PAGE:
19. From Resilience to Transformation: the Adaptive Cycle in Two Mexican Urban Centers

    Directory of Open Access Journals (Sweden)

    Mark Pelling

    2011-06-01

    Full Text Available Climate change is but one expression of the internal contradictions of capitalism that include also economic inequality and political alienation. Seen in this way analysis of human responses to climate change must engage with social relations of power. We explore the potential for resilience theory to meet this challenge by applying a framework that integrates the adaptive cycle heuristic and structuration theory to place power at the heart of the analysis and question the transformational qualities of social systems facing climate change. This theoretical frame is applied to Mahahual and Playa del Carmen, two rapidly expanding towns on Mexico's Caribbean coast. The resilience lens is successful in highlighting internal contradictions that maintain social relations of rigidity above flexibility in the existing governance regimes and development pathway. This generates a set of reinforcing institutions and actions that support the status quo while simultaneously undermining long-term flexibility, equitable and sustainable development. One outcome is the placing of limits on scope for adaptation and mitigation to climate change which are externalized from everyday life and development planning alike.

  20. The resilience analysis grid taming complexity?

    NARCIS (Netherlands)

    Gallis, R.

    2012-01-01

    In this workshop we will look at the next step in safety: using resilience engineering as a tool for dealing with complexity. Present concepts such as Bow-ties use linear cause & effect relationships. More and more we see that companies are faced with a complex world with non linear systems. This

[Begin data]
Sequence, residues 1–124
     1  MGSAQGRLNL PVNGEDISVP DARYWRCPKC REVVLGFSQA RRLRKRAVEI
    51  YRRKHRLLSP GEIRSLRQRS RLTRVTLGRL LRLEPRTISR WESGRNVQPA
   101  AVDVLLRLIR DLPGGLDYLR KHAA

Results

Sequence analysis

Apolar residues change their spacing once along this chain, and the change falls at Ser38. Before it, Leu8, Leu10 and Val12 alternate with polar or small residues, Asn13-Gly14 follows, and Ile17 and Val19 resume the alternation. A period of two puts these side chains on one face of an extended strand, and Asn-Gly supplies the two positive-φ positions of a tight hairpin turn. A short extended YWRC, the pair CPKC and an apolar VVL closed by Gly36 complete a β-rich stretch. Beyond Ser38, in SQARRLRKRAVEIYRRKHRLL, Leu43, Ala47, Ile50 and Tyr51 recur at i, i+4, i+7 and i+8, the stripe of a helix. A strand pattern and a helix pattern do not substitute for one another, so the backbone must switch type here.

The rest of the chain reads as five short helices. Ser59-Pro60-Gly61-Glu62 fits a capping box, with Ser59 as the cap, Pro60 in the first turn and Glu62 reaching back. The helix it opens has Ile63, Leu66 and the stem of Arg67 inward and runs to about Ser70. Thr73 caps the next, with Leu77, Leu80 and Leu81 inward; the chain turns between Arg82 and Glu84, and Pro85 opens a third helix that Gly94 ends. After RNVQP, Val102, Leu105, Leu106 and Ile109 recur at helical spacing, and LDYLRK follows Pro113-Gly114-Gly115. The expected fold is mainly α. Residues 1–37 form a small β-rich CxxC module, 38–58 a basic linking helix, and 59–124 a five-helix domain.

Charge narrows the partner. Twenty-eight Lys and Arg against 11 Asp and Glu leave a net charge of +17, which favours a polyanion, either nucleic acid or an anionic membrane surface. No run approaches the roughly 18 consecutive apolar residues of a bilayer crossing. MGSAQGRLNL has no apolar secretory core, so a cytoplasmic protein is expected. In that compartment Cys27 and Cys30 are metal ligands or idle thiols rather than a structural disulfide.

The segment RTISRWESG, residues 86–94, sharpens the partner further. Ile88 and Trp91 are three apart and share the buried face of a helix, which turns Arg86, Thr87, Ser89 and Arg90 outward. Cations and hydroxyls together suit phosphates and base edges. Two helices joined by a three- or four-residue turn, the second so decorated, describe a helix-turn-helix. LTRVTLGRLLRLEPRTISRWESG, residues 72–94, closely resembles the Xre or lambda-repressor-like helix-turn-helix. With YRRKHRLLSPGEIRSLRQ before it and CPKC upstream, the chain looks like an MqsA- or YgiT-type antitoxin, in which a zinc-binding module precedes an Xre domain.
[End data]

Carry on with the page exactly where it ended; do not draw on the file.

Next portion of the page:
1. Resilience of Amazonian landscapes to agricultural intensification

    NARCIS (Netherlands)

    Jakovac, C.C.

    2015-01-01

    ISBN: 978-94-6257-443-4 Author: Catarina C. Jakovac Title: Resilience of Amazonian landscapes to agricultural intensification Swidden cultivation is the traditional agricultural system in riverine Amazonia, which supports local livelihoods and

  2. Resilience training for Royal Netherlands Navy Recruits

    NARCIS (Netherlands)

    Six, C.; Delahaij, R.

    2011-01-01

    The topic described in this abstract directly relates to the aim of the HFM to share national experience and evidenced-based approaches on interventions that build resilience. The presentation will be relevant for military professionals as well as research scientists. Attrition within initial

  3. The Future of Resilient Supply Chains

    DEFF Research Database (Denmark)

    Donadoni, Mattia; Roden, Sinéad; Scholten, Kirstin

    This research aims to advance theoretical understanding around the management of supply chain disruptions through a multi-stage Delphi study on supply chain resilience. Stage one focused on polling academic experts followed by a second stage with practitioners from automotive, electronics and food...

  4. Steeling and Resilience in Art Education

    Science.gov (United States)

    Heise, Donalyn

    2014-01-01

    Steel is an incredibly strong alloy of iron and carbon. Due to its incredible strength and durability, this resilient material is commonly used for constructing buildings. The transitive verb "steeling" is defined in Miriam-Webster dictionary as "to fill with resolution or determination, as in, she 'steeled herself to face the…

  5. Educational Resilience in African American Adolescents

    Science.gov (United States)

    Cunningham, Michael; Swanson, Dena Phillips

    2010-01-01

    The purpose of this article was to examine factors within the school context that facilitates educational resilience among African American high school students. The authors expected academic self-esteem to be positively associated with future expectations (academic and general). They expected perceptions of school-based social support to have…